Cookie Casa Bakery in West Hollywood is closing this Saturday. At first glance, this doesn’t seem like particularly sad or even noteworthy news:
- One less artisanal bakery with a silly name in a city full of artisanal bakeries with silly names.
- One more open retail space to be filled with a pressed juicery in a city that already has far too many pressed juiceries.
- One more failed dream in a city that’s lousy with them.
But a first glance doesn’t tell the whole story, and Cookie Casa isn’t just another artisanal bakery with a silly name. Okay, the name is pretty goddamn silly (we’ll get into that later), but this is no ordinary bakery and this is no failed dream.
Because for the last three years, Cookie Casa has been making some of the most delicious cakes, cookies, brownies I’ve ever tasted.
And in two days it’ll be gone forever.
Erin Zabel has operated Cookie Casa from day one — first from her home kitchen and later from a brick and mortar location in West Hollywood. Now, despite cultivating a devoted following, massive popularity, and an almost aggressively adorable Instagram feed, the pastry chef has decided to step away from Cookie Casa to spend more time with her family. Because the time and energy and love that is required to build a massively popular bakery with a devoted following, are the exact same time and energy and love that her family (and especially her young daughters) need from her right now.
And for Erin, Cookie Casa has always been about family.
It’s a commitment evident in the molasses ginger sandwich cookie:
With two molasses cookies baked from her grandmother’s recipe sandwiched around the bakery’s signature vanilla frosting. This cookie tastes like everything that is wonderful about a Little Debbie sandwich cookie, without any of the (much longer) list of Little Debbie awfulness.
Or the peanut butter cookie:
Which Erin based on a recipe her mother used to bake for her when she was a girl. Unlike most peanut butter cookies, these actually taste like peanuts, and not peanuts being described over a bad phone connection.
Even the name of the bakery–whimsical alliteration aside–is an homage to her Spanish heritage.
See? It all circles back to family.
But of all the amazing pastries at Cookie Casa, the best (and soon to be most missed) is the vanilla cake.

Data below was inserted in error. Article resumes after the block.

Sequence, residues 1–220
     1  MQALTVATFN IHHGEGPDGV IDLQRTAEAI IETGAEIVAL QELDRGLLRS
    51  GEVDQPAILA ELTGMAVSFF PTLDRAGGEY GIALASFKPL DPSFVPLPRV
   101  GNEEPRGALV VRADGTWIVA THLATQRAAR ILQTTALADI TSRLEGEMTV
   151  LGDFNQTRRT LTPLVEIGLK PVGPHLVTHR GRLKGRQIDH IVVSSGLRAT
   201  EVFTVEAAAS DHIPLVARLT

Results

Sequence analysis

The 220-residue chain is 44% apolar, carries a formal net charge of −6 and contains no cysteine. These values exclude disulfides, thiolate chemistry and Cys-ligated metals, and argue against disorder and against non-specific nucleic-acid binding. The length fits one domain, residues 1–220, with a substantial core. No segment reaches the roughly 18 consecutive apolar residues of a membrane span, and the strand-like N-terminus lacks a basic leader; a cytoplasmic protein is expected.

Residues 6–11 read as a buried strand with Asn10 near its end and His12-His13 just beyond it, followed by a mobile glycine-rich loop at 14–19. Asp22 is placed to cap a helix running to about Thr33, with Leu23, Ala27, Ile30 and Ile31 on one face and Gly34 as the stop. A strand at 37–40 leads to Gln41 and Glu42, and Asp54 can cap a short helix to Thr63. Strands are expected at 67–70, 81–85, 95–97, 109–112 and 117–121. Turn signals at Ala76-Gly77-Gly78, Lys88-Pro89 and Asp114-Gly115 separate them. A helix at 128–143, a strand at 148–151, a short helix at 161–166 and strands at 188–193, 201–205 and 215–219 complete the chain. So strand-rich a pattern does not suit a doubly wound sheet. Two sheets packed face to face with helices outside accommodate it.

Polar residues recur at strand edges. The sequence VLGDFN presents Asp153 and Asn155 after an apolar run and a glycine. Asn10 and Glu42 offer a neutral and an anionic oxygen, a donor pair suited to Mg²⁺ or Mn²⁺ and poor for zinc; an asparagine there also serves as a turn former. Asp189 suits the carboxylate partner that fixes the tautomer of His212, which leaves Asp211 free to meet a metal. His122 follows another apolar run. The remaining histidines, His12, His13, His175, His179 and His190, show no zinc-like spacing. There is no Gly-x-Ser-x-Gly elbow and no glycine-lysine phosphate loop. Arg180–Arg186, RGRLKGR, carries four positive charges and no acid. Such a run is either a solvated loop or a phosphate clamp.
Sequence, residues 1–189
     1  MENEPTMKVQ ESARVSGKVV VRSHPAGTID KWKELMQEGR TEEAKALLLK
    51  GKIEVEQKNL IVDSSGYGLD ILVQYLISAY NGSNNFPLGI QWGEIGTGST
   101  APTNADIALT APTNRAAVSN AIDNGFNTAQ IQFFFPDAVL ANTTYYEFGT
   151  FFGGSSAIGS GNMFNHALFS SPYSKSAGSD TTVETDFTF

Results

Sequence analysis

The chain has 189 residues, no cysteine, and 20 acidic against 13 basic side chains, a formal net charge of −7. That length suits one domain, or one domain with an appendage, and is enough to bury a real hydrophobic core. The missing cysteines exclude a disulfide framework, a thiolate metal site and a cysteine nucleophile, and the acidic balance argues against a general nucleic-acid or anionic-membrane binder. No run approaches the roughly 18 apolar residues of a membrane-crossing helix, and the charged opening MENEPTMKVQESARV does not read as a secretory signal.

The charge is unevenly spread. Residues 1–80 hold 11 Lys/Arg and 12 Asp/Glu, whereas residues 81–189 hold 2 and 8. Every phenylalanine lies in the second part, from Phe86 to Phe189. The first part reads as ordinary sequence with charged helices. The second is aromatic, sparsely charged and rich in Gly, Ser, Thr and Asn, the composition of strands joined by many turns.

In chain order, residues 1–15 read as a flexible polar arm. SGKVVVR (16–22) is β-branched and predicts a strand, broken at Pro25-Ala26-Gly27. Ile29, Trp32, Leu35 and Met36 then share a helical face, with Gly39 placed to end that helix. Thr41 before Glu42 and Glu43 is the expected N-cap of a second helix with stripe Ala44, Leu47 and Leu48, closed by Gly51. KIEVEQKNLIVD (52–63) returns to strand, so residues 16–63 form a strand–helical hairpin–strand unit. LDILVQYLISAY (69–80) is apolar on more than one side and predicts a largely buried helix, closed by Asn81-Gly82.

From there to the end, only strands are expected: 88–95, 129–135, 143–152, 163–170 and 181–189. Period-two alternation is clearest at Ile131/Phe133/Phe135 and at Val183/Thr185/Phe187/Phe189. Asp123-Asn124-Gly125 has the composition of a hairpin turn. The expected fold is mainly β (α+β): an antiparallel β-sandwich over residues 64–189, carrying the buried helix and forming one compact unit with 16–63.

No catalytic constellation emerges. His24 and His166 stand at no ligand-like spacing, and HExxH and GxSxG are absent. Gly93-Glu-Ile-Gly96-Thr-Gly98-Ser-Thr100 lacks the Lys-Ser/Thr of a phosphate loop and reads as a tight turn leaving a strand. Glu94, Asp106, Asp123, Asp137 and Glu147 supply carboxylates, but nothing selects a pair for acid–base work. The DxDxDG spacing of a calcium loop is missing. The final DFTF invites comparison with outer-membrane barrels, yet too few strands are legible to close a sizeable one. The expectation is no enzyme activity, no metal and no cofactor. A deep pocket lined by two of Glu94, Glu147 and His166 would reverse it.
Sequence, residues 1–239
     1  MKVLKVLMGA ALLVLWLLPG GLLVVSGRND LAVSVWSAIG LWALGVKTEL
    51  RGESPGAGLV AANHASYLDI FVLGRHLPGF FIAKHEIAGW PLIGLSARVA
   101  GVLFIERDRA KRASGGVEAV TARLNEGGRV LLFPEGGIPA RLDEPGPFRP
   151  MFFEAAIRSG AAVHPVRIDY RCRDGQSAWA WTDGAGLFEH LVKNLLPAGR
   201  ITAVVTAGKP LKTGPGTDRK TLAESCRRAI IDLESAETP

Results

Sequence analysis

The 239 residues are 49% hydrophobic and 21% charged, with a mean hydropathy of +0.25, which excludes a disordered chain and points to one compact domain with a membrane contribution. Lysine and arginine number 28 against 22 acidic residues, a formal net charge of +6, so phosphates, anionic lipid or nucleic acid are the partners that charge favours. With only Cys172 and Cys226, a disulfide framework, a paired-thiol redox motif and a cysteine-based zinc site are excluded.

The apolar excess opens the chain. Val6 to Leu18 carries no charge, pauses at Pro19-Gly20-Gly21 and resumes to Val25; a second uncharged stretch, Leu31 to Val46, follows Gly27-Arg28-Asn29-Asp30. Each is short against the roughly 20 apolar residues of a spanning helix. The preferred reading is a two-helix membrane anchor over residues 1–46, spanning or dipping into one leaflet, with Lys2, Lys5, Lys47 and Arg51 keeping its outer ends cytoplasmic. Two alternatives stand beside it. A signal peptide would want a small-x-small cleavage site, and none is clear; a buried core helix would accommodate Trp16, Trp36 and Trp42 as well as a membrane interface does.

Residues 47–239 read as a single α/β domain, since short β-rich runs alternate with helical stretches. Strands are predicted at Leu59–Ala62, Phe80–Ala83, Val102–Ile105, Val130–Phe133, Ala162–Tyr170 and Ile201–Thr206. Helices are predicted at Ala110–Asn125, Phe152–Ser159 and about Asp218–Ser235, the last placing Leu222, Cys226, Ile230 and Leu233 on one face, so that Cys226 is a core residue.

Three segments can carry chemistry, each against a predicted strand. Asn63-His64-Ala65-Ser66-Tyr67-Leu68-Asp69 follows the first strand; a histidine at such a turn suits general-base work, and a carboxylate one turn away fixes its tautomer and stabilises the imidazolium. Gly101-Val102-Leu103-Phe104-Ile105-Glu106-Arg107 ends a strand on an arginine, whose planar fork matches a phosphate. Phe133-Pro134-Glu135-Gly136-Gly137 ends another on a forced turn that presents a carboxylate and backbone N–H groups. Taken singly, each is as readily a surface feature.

I first tried this cake at a wedding. That piece of cake was my strongest memory from a delightful wedding full of good people, and an open bar, and a girlfriend who regarded my dance moves with the quiet respect and dignity they so rightly deserved.
The cake was sweet, but salted with enough precision that the sweetness wasn’t overpowering. The layers of vanilla frosting were flavorful and so obviously packed with butter and eggs and sugar that you could taste them in each soul nourishing, artery-punishing bite. But more than anything, what made the cake special was the texture.
Sheet cake, and especially the kind found in wedding cakes, is usually a beautiful square of spongy, easily forgettable nothingness. But the vanilla cake at Cookie Casa is–and this will sound weird, but please stick with me–decidedly al dente. And not al dente in the common usage of “maybe no one will notice I effed up the pasta if I start talking like Roberto Benigni.” I mean al dente in the actual sense: this cake is to the tooth. The texture of the cake is at the forefront of every bite, dense and moist and wonderful, and it stands up (both in structure and flavor) to the insane decadence of the frosting. The density of the cake is almost too dense. It very nearly crosses over from “toothsome goodness” to “sugary mouth brick,” but no matter how closely it edges toward the abyss, it never stumbles.
That tightrope walking mastery — between the fully perfect and the almost terrible — is what makes this the best cake I have ever tasted.
Trust me, I’m a chubby artistic type who is prone to emotional eating; I know a few things about cake. This cake is amazing. This cake is unforgettable. And you can only try it for three more days.
Erin and her staff will be taking orders and baking until the final minute, and the store will be selling every item in the display for $1 during their farewell bake off on Saturday. That means you can still taste one of the greatest cakes in Los Angeles (along with some of the greatest cookies and brownies) for only 100 American pennies.
As much as Erin, and everyone else at Cookie Casa, wants the farewell bakeoff to be a happy event for their friends and customers, I know it will still be a sad day. Erin is closing the bakery for a good reason, but she is still closing the bakery. It’s easy to forget the people who run our favorite restaurants are actually people, with their own wants and desires and dreams. As much as it hurts, those dreams might not always involve stuffing our faces with delicious food.
So when you find your own Cookie Casa–that restaurant, or place, or even person–that makes the good moments great, and the bad moments tolerable, try to enjoy it as much as you can, for as long as you can. Because as annoying as it is to write a cliché, it’s even more annoying when that cliché so perfectly describes a situation that it must be written:
Nothing lasts forever.
So before your favorite bakery closes, or your city is devoured by a sinkhole, or your doctor insists you stop murdering yourself with cookie dough, enjoy those good times (and that cookie dough) while you still can. Because nothing lasts forever.
Not youth…not beauty…not even delicious cupcakes.
Cookie Casa will be open from 9 a.m. until the last pastry is sold on Saturday, February 27.
Then there will be one less artisanal bakery with a silly name in Los Angeles.
If you’ve tried their cake, you know exactly how sad this will be.